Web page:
United Nations: Senior UN officials said on Monday that the Boko Haram militant group has been unable to disrupt the electoral process in Nigeria and following the involvement of regional forces in Nigeria, the area controlled by the group has reduced.
Head of the UN Office of West Africa (UNOWA), Mohammed Ibn Chambas, and the deputy UN emergency relief coordinator, Kyung-wha Kang, briefed the UN Security Council (UNSC) on the Boko Haram militancy, according to a Xinhua report on Monday.
The UNSC met to discuss threats to international peace and security posed by terrorism.
Boko Haram had been "weakened", but was still committing "horrendous" acts, Chambas said.
UN Secretary-General Ban Ki-moon on Sunday commended Nigeria's "largely peaceful" presidential and parliamentary elections.
Polling stations across Nigeria opened on Saturday amid tight security, as more than 56 million voters cast their ballots to elect a new president.
Earlier that day, at least 25 people were killed in an attack suspected to be perpetrated by the Boko Haram on a community in the northeast Nigerian state of Borno.
The elections had been delayed by six weeks so that government troops could recapture all the communities seized by the Boko Haram since last year.
According to Chambas, Boko Haram's violence and brutality had intensified, with the militants using children as suicide bombers and human shields. He said that the Boko Haram allying with the Islamic State (IS) terrorist organisation showed that its agenda went well beyond Nigeria.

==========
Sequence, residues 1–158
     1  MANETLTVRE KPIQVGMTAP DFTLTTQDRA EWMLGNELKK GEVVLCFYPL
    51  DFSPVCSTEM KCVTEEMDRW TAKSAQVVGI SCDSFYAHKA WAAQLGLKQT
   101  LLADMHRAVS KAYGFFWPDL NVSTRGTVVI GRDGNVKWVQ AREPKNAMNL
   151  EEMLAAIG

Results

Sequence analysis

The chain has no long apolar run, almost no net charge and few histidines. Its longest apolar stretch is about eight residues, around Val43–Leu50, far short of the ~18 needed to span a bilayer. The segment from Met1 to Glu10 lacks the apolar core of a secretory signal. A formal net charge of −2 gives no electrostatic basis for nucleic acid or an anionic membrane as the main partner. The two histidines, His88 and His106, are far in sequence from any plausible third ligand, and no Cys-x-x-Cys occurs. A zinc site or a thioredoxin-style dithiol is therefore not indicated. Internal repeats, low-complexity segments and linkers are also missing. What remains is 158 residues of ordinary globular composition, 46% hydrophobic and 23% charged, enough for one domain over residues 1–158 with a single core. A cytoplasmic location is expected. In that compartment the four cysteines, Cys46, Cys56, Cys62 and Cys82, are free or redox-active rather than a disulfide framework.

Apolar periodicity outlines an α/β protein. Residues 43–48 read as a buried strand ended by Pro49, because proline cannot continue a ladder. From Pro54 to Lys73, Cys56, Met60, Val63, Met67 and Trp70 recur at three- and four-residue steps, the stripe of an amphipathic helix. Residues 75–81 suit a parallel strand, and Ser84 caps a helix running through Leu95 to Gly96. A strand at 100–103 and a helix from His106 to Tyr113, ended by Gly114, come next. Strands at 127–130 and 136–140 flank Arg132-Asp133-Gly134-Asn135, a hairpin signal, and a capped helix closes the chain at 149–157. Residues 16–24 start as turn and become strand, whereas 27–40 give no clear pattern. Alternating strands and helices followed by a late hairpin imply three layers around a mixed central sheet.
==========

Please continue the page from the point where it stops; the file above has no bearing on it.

"Though weakened, the group continues to commit horrendous acts against civilians, including against women and children," said Chambas, who is also the special representative of the UN secretary-general for West Africa.
"Boko Haram's recent allegiance to the Islamic State for Iraq and the Levant (ISIL), whether for publicity reasons or to tap into ISIL's support, is also of concern as it is gives a clear signal that Boko Haram's agenda goes well beyond Nigeria," he said.
Chambas commended the response of the Lake Chad Basin Commission (comprising Cameroon, Chad, Niger, Nigeria, Central African Republic, Sudan, Algeria and Libya) countries, notably the joint regional offensive, leading to the recapture of several key towns in northeast Nigeria.
"Today, Boko Haram holds only a few areas in Borno State. Moreover, according to reports by the Nigerian Army, on 27 March, Boko Haram's headquarters in Gwoza was captured," he said.
According to the deputy UN emergency relief coordinator, Kyung-wha Kang, the conflict in northeastern Nigeria and the Lake Chad Basin had forcibly displaced at least 1.5 million people in Nigeria and the neighbouring countries.
Kang noted that over 7,300 civilians had been killed by the Boko Haram since the beginning of 2014, including 1,000 people this year alone.
The Boko Haram, whose name translated from the local dialect means "Western education is sin”, has been a major security threat to Nigeria since 2009 and had also threatened Nigeria's neighbouring countries, Chad, Cameroon and Niger. Earlier this month, it declared its allegiance to the Islamic State (IS) terrorist group.